Yesterday, I was on a panel of lawyers that spoke at a Continuing Legal Education (CLE) presentation for the NY Chapter of the American Immigration Lawyers Association (AILA). The presentation was called “Crimmigration – Both Sides Now.” Crimmigration is an area of immigration law that involves representing non-citizens with criminal history. I spoke the things an immigration attorney should discuss with a criminal lawyer when trying to figure out the possible immigration consequence of a plea offer. I also discussed how an immigration lawyer should work with a criminal lawyer, when a non-citizen has a conviction that needs to be vacated. Because I have done so much work with non-citizens with criminal history during my career as an immigration attorney, the NY Chapter of AILA invited me to speak on this subject.
Archives for April 2012
Earlier this week, the U.S. Supreme Court granted a petition for a writ of certiorari in Moncrieffe v. Holder, Dkt. No. 11-702. A request for the U.S. Supreme Court to take a case is done by filing a petition for a writ of certiorari. This is an appeal of a decision of the U.S. Court of Appeals for the Fifth Circuit. The Fifth Circuit held that a state statute that defined the sale of marijuana to include giving away marijuana without remuneration constituted a drug trafficking crime. Under the Immigration and Nationality Act, a drug trafficking crime is classified as an aggravated felony. In immigration law, there is virtually no relief from being classified as an aggravated felon. Most individuals who are classified as aggravated felons in their removal proceeding are deported. There is a split among the U.S. Court of Appeals as to whether a state statutes that defines “sale” as giving marijuana away without remuneration constitutes a drug trafficking crime that can be classified as an aggravated felony. The First, Sixth and now Fifth Circuits say that it is. The Second and Third Circuits say that it is not. The Second Circuit case is Martinez v. Mukasey, 551 F.3d 113 (2d Cir. 2008). I argued Martinez v. Mukasey in the Second Circuit.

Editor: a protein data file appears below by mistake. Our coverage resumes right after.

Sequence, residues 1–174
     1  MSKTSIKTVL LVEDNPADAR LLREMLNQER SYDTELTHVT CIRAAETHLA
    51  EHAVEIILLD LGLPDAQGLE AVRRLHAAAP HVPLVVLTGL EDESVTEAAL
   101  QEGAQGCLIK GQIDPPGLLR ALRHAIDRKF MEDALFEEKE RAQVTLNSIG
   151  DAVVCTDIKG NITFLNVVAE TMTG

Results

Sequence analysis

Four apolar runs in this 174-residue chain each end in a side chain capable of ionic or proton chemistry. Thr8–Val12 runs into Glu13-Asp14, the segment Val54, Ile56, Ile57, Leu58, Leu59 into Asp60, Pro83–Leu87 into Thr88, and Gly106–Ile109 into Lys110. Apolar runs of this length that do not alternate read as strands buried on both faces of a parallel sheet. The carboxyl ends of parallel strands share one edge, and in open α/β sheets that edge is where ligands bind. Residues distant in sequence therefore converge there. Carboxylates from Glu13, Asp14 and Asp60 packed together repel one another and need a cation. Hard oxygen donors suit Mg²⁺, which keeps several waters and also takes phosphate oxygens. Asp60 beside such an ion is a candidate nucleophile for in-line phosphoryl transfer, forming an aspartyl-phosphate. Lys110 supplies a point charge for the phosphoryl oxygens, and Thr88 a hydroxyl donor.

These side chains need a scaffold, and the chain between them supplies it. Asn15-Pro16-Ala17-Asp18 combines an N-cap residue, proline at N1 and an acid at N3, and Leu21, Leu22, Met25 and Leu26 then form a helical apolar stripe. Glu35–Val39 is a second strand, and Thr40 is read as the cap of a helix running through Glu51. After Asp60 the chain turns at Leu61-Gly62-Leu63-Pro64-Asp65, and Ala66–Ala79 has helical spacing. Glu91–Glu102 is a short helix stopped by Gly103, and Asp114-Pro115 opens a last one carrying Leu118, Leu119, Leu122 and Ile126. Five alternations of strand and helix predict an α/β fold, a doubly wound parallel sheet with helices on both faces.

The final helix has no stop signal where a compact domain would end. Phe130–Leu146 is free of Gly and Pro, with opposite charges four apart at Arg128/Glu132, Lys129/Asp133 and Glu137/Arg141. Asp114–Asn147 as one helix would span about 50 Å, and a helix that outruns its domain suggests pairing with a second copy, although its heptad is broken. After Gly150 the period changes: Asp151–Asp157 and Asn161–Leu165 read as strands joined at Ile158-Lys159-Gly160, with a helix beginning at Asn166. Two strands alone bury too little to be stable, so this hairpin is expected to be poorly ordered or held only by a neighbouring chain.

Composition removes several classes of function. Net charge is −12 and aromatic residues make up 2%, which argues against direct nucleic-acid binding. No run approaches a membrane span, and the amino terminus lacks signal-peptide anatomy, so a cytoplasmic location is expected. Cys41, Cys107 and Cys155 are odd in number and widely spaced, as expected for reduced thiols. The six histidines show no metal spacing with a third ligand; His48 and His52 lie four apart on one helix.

It’s been a dream of mine to argue before the U.S. Supreme Court. It is a bit frustrating for me to see the Supreme Court accept a writ of certiorari on a case with an issue that I litigated. Sadly, the Government did not seek a writ of certiorari in Martinez. A similar thing happened to me last year, when the Supreme Court accepted a writ of certiorari in Judulang v. Holder, 132 S. Ct. 476 (2011). Judulang involved the same issue as a case I had litigated in the Second Circuit, Blake v. Carbone, 489 F.3d 88 (2d Cir. 2008). At least, I can take comfort in the thought that I am on the cutting edge of immigration litigation.
On April 2, 2012, the U.S. Citizenship and Immigration Service proposed a new regulation that will permit non-citizens to apply for a waiver for inadmissibility due to unlawful presence from within the United States. One of the dirtiest secrets of our immigration laws is that not everyone who is married to a U.S. citizen can get a green card from within the United States. The process of getting a green card within the United States is called adjustment of status. If you entered the United States illegally, then you can only get a green card through marriage, if someone filed a visa petition or labor certification for you prior to April 30, 2001.
Another dirty secret of our immigration laws is that once you have lived illegally in the United States for a year or more, if you leave the United States, you are barred from returning for 1o years. This is referred to as the 10 year bar. There is a waiver of the 10 year bar that requires the applicant to show extreme hardship to their family members. Currently, this waiver can only be applied for at a U.S. consulate office; it cannot be applied for within the United States. Obviously, under the current rules, most individuals that are in the United States unlawfully would be unwilling to risk leaving the U.S. to get a green card through consular processing for fear that their waiver would not be approved or that it would take too long for the waiver to be approved.
Under this proposed rule, someone who entered the United States illegally and is subject to the 10 year bar may apply for the waiver while they are in the United States. Under the proposed rule, if the waiver is granted, they could then leave the United States and get their green card at the U.S. consulate office. Unfortunately, this is only a proposed rule. It has yet to go into effect. By law, a proposed rule is not final until the public has had the opportunity to comment on the rule.